• Ted Hope | April 23, 2013 10:36 AMReply

    Hey "Frequent Shopper" & Larry, thanks for responding. This is a pilot program and we are trying to figure it out what can work best for the most people. It will evolve. This is a first iteration. Like anything else this lab takes time, money, and labor to put on. Submissions are a major time suck as I am sure you know. Personally, I find the fact that creators and their supporters rarely are the direct financial beneficiaries of their work an urgent call to action -- I have taken a hiatus from producing to do this. In the interest of rapid prototyping to get the urgent answers we opted to ask other film organizations to select projects instead of wading through the submission process. We have about seven partners this round, and will have more next. There are no fees for the filmmaker participants. We hope that by helping them to do more than just put it up on a platform but to strategize how to maximize revenue and views, we can start to unearth best practices that can be utilized by many. Stay tuned.

  • Ted Hope | April 23, 2013 10:35 AMReply

    Hey "Frequent Shopper" & Larry, thanks for responding. This is a pilot program and we are trying to figure it out what can work best for the most people. It will evolve. This is a first iteration. Like anything else this lab takes time, money, and labor to put on. Submissions are a major time suck as I am sure you know. Personally, I find the fact that creators and their supporters rarely are the direct financial beneficiaries of their work an urgent call to action -- I have taken a hiatus from producing to do this. In the interest of rapid prototyping to get the urgent answers we opted to ask other film organizations to select projects instead of wading through the submission process. We have about seven partners this round, and will have more next. There are no fees for the filmmaker participants. We hope that by helping them to do more than just put it up on a platform but to strategize how to maximize revenue and views, we can start to unearth best practices that can be utilized by many. Stay tuned.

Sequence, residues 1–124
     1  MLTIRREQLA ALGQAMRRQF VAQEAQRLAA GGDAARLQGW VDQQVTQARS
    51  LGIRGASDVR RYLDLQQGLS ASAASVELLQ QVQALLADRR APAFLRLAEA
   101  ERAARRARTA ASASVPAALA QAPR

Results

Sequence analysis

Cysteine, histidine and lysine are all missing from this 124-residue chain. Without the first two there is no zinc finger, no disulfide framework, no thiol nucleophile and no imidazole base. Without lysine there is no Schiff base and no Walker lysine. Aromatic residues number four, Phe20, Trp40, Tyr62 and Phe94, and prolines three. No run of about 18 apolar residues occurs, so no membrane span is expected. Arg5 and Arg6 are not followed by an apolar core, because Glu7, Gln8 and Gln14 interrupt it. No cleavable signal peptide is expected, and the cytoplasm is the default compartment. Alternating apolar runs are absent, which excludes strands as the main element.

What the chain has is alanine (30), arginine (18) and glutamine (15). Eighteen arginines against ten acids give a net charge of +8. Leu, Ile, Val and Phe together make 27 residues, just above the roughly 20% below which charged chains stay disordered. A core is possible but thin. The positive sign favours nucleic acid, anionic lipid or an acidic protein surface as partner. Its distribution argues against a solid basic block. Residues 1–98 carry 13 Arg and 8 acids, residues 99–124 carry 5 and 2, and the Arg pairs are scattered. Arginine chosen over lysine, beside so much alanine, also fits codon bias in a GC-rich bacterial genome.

• frequentshopper | April 1, 2013 10:54 PMReply

    So less than 600 films are picked up each year in the USA by "distributors"? This is a done deal by invitation so apparently there was no call for submissions. I don't know what if anything they are charging for this workshop, but it is by invitation only so it doesn't matter. Kind of ironic to empathize with the situation and propose to solve it by an invitation only, no submission, workshop, huh? I mean the people who are the insiders at SFFS, are the the best ones to be the entrepreneurs? I don't know. Maybe they are the least motivated.

  • Larry | April 1, 2013 5:20 PMReply

    Estimates say that 60,000 films a year are made in the US. More then 99% never see distribution much less make a profit. Filmmakers should be learning to distribute and monetize their films starting with the first 5 min. short.

  • Dan | April 1, 2013 3:30 PMReply

    The point of digital DIY distribution is to cut out the middle man. There is no need to pay for lab seminars and or cutting deals with VOD companies UNLESS they are the producer like Netflix. Just get a $200 account at VimeoPro and DIY. 'Assist" makes it sound like filmmakers are disabled somehow...